Louisiana lawmakers hold contentious hearing on COVID-19

BATON ROUGE, La. (AP) — Gov. John Bel Edwards doesn’t currently have plans to enact broad coronavirus vaccine mandates across Louisiana despite low immunization rates and a surge in COVID-19 cases overwhelming hospitals, the Democratic governor’s chief attorney told lawmakers Monday.

The comments from Edwards executive counsel Matthew Block came as New Orleans started requiring the vaccine or a recent negative test for the coronavirus to enter restaurants, bars, gyms, the Superdome and other indoor locations.

Block spoke at a House health committee hearing where he and Louisiana’s chief public health officer Dr. Joe Kanter were heckled and criticized by an unruly crowd objecting to masks and vaccines. Security removed several people from the room for refusing to wear a mask or for shouting objections to health information.

As Kanter advocated for wearing masks to prevent the illness’ spread, one person in the committee room shouted: “They don’t work!” Another said: “More lies!” Edwards has enacted a statewide mask mandate for indoor locations, whether people are vaccinated or not. The U.S. Centers for Disease Control and Prevention also urges indoor masking in public places.

As the hearing stretched over hours, Louisiana’s health department announced another hospitalization record, with 2,956 people with the coronavirus illness filling up hospital beds and placing strain on the state’s health care system.

Hospital leaders and other public health officials have warned repeatedly the facilities are at a breaking point.

“I pray we’re close to the peak, I really do. I haven’t seen any evidence in our data that suggests we’re close,” Kanter told the House Health and Welfare Committee.

Ninety percent of the COVID-19 patients in hospitals are not fully vaccinated, according to state health department data.

Louisiana continues to have the nation’s highest per capita number of new COVID-19 cases over the last week, according to the CDC. Dozens of people are dying from the disease each day, with 188 COVID-19 deaths confirmed in Louisiana over the last week.

While New Orleans on Monday began its vaccine or testing requirement to enter businesses, the Louisiana State University, University of Louisiana and Southern University systems intend to require students to be vaccinated — with a state-approved list of exemptions — after one of the inoculations receives full FDA approval, expected within weeks.

Rep. Rick Edmonds, a Baton Rouge Republican, questioned whether Edwards wants to enact more widespread vaccination requirements.

“I think we’re all more than antsy about where we’re going,” Edmonds said.

Block replied: “Is this something the governor is considering at this point in time? The answer is no.” He cautioned, however, that Edwards won’t eliminate the possibility in the future, depending on where the pandemic is headed.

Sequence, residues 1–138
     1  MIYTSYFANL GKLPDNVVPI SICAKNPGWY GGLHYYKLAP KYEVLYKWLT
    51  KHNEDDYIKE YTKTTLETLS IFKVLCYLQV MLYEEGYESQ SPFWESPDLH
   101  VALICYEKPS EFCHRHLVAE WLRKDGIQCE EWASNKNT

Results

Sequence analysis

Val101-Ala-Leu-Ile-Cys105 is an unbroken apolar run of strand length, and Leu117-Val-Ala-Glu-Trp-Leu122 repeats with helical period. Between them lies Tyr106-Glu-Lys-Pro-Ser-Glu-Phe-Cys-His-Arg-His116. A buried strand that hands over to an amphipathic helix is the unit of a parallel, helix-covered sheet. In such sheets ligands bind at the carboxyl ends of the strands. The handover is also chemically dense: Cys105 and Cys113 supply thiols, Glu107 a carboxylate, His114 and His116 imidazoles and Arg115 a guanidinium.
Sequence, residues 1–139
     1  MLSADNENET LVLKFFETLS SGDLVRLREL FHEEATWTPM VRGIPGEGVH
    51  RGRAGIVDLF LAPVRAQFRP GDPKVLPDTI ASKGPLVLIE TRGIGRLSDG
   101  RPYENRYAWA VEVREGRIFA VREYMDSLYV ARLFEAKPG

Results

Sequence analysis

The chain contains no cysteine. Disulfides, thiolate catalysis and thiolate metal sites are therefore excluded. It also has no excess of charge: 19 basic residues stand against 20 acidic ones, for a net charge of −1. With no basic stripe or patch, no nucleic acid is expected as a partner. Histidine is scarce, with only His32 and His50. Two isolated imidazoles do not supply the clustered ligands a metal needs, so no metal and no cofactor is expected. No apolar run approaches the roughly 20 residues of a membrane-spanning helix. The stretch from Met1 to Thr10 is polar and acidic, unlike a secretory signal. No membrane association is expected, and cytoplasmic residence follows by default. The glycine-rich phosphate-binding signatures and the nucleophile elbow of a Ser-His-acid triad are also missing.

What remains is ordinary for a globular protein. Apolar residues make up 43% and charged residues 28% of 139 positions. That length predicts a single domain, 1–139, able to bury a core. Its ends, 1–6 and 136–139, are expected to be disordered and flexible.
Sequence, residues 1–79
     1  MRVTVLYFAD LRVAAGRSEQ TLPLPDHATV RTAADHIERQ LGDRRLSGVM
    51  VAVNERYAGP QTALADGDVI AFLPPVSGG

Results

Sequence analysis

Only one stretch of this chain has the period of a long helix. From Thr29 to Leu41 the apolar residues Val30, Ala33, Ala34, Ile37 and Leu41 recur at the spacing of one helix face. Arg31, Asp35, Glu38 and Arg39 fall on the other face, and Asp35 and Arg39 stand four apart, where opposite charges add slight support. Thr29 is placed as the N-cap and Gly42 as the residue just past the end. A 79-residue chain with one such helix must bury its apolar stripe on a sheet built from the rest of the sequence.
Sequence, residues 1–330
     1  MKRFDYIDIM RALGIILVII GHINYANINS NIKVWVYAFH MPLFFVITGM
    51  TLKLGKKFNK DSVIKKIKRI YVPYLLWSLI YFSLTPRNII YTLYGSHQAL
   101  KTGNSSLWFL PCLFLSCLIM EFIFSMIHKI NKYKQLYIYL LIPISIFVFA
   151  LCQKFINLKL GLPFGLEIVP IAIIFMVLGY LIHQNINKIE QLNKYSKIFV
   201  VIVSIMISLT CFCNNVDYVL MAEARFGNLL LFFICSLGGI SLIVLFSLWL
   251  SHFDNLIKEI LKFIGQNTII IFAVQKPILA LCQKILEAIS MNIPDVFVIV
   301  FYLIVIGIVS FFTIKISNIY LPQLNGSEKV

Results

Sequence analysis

Louisiana’s Republican Party voted Saturday to condemn New Orleans Mayor LaToya Cantrell for requiring proof of vaccination or recent negative coronavirus test to enter businesses and called on the Legislature to reverse the action. Republican Rep. Chuck Owen, of Rosepine, proposed the resolution adopted by the GOP, calling the vaccine mandate “a threat to our liberty.”

At Monday’s hearing, Carencro Republican Rep. Julie Emerson asked the higher education system presidents to describe how students can claim exemptions from the college vaccine mandates that are expected to take effect later this year.

Bossier City Republican Rep. Raymond Crews said the Edwards administration should be doing more to promote taking vitamins and combating underlying health conditions like obesity and diabetes that make someone more at risk for severe symptoms when they contract COVID-19.

“Why are we pushing masks when a large swath of Louisiana doesn’t consent to it?” Crews asked. “When we force things on people that don’t want to do it, it just erodes the power of government.”

People testifying at the hearing were split on masks and vaccines. Several parents objected to the mask requirement applying to children attending K-12 schools. One woman described a mask as an “experimental” medical device and called the face covering requirement “child abuse.”

Democrats on the committee highlighted the extensive spread of COVID-19 around the state and raised worries about the grim situation in Louisiana’s hospitals.

“By not wearing our masks, could that cause harm to other people?” asked Rep. Travis Johnson, a Vidalia Democrat.

Kanter replied: “Without question.”

Also Monday, the New Orleans Public Schools system said it’s tracking the COVID-19 cases of 246 students and 53 staffers. the system stressed that 102 of the cases involve people who had not yet set foot in school this year.

More than 3,000 other students and staffers who had close contact with those individuals have been told to stay home under the system’s quarantine guidelines. The system has about 45,000 students in more than 70 schools.

“As a result of these mitigation efforts, COVID-19 transmission in our schools remains very uncommon,” said Dr. Benjamin Springgate, the school system’s medical adviser.


Follow AP’s coverage of the pandemic at https://apnews.com/hub/coronavirus-pandemic. Follow Melinda Deslatte on Twitter at http://twitter.com/melindadeslatte.